Yesterday I was worrying about the potential suppressive effects of the rash of recent callups to Tampa and assorted injuries on the Bulls' hitting, especially down at the bottom of the order. Before that I had turned an eye to the remaining sluggers in the lineup, noting that they'd have to step it up in order to keep the team in runs.
Apparently, the whole team gathered round the old laptop, because last night they pounded out a season-high 17 hits in routing Rochester, 13-2 at Frontier Field. Sure enough, remaining slugger Matt Joyce paced the attack with three doubles and six RBI; and down in the ninth slot in the lineup, newly-promoted (from Montgomery) shortstop Brandon Chaves went 4-4. All of his hits were singles, but 4-4 is pretty perfect, and Chaves added a walk to his quartet of singles and so reached base in all five of his plate appearances. In all, the Bulls hit eight doubles (!) and a triple, the latter by catcher Craig Albernaz—his second of the season, improbably. Catchers hitting triples is lunar-eclipse rare. In Albernaz's case, it ought to be mentioned that he was gifted his first three-bagger of the season when Wes Bankston approached Albernaz's opposite-field pop fly like he was auditioning for the Family Circus comic strip.
So the kids were more than alright yesterday, and it's tempting to fall into some after-therefore-because sophistry as circumstantial evidence for the cause of the sudden outburst. Starter Mitch Talbot ran into trouble in the second inning, loading the bases with no one out on three straight singles, but he stranded all three runners via a strikeout and a double play. The chances of scoring at least one run in that scenario are 82 percent, so Talbot performed some unlikely magic in escaping unscathed. An old-school commentator (i.e. a baseball manager) might tell you that Talbot's prestidigitation galvanized the Durham hitters, who scored two runs in the following inning and then added seven more over the next three to put the game away. But that's another one for the Momentum Debate, and the debate goes, "Is there such a thing as momentum in baseball?" I'm all no on that one, but inside the clubhouse you'll find plenty of supporters, as well as athletic supporters.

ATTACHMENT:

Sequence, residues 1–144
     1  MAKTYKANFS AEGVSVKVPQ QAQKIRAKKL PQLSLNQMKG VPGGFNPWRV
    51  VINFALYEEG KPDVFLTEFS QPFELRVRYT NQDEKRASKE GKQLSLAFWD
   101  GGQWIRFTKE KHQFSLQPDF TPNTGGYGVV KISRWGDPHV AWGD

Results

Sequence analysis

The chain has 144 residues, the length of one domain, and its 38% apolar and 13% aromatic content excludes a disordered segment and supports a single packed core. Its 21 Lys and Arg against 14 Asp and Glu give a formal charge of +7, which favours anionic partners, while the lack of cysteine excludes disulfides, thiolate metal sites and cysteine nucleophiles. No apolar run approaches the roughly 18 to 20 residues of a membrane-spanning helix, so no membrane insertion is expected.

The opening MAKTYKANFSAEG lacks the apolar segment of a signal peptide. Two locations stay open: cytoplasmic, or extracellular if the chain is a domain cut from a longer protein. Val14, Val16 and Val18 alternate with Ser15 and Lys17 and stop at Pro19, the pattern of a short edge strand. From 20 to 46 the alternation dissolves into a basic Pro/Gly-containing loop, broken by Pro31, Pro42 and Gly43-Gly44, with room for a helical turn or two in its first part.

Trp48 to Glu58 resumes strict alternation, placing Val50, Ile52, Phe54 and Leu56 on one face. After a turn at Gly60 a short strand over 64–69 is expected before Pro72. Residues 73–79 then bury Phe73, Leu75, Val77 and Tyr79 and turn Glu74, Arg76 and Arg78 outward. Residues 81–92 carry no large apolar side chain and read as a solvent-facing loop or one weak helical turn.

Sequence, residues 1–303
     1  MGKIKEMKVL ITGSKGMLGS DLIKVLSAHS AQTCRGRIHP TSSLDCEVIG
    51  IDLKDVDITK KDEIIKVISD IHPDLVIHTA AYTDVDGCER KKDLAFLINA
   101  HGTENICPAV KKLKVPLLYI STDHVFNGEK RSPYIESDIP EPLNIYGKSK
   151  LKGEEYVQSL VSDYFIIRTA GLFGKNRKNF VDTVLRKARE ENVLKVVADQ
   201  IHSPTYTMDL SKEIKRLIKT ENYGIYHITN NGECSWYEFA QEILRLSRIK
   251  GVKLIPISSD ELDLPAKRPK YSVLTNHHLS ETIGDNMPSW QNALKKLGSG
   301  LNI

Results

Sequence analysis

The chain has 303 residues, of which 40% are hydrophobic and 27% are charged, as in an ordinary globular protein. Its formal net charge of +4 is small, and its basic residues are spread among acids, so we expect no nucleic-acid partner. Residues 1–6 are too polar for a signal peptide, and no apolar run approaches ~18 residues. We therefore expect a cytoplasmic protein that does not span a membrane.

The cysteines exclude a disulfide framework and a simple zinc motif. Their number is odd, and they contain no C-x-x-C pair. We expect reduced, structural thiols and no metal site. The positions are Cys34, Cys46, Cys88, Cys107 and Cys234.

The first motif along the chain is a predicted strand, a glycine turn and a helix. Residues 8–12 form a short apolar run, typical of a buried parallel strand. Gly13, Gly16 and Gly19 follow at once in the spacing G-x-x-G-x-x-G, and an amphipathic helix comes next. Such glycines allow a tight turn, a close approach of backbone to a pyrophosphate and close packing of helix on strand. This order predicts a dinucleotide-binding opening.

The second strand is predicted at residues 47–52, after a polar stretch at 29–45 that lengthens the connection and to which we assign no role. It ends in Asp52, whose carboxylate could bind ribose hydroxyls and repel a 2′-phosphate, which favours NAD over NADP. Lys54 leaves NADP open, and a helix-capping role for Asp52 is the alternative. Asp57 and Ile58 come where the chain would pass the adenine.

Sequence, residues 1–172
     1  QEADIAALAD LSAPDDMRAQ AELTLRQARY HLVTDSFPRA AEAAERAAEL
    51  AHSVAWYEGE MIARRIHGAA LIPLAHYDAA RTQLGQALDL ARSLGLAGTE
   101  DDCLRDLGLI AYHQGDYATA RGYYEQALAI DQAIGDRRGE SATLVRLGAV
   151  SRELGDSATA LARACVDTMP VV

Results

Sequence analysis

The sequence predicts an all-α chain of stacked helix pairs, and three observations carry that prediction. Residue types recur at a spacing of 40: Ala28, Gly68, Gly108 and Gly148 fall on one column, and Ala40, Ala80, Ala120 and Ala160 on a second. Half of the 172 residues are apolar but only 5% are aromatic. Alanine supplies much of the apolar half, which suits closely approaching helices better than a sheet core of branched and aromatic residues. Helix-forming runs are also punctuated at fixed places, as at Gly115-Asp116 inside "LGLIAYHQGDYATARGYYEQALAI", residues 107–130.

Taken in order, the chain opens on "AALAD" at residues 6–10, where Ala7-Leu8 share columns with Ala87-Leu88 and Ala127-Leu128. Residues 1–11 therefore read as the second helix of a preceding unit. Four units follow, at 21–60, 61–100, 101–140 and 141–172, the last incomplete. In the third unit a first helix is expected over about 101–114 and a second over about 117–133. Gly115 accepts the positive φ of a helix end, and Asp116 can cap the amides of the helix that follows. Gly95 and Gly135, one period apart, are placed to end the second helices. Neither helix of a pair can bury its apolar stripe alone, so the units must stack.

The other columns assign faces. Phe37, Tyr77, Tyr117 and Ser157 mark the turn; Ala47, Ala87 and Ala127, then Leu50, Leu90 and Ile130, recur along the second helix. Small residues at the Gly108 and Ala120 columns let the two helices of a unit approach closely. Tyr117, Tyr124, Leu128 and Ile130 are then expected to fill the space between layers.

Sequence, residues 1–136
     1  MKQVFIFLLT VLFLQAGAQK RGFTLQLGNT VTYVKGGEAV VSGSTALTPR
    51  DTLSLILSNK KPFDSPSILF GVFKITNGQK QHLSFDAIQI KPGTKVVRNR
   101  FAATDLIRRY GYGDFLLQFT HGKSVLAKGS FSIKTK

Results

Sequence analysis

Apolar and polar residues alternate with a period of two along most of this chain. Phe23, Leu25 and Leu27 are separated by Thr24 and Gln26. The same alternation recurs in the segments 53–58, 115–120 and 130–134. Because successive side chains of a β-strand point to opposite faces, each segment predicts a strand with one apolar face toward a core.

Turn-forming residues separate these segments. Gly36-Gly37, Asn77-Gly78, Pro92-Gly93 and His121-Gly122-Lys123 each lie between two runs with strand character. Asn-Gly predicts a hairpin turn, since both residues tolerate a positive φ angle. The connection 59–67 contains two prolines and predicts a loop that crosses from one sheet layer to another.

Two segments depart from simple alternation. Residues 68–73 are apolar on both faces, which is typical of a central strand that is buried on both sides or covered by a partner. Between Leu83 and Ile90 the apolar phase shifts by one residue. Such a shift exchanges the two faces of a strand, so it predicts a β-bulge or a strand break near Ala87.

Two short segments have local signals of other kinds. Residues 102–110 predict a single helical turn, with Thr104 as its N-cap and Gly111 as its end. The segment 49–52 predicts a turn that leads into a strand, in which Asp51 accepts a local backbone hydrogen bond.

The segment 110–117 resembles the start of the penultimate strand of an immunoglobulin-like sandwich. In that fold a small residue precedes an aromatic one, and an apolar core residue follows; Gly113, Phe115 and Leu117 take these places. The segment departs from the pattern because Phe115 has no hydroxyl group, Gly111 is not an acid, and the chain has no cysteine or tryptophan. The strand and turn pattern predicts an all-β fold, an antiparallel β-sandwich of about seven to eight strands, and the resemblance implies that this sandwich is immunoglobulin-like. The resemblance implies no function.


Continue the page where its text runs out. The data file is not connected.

It's also tempting to speculate that Mitch Talbot may be increasing his mastery of the art of pitching. He was on the mound during a game at the DBAP earlier this season and struggling a bit. Someone in the press box observed that Talbot was prone to imploding in difficult situations. Bases loaded and no outs is pretty much the most difficult of situations, but last night Talbot held fast. He has good stuff, and if he can continue bulldoggery like last night's second inning, he may yet develop in to a serviceable major-league hurler.
The Hurricanes are done, sadly, for the year, but at least one local team gets to play on and face the Red Wings. The Bulls and Rochester tangle in less than an hour, one of those 11:05 a.m. games known around the International League as "Education Day" (read: No-Prep Teacher Day). Matt DeSalvo gets his first start as a Bull.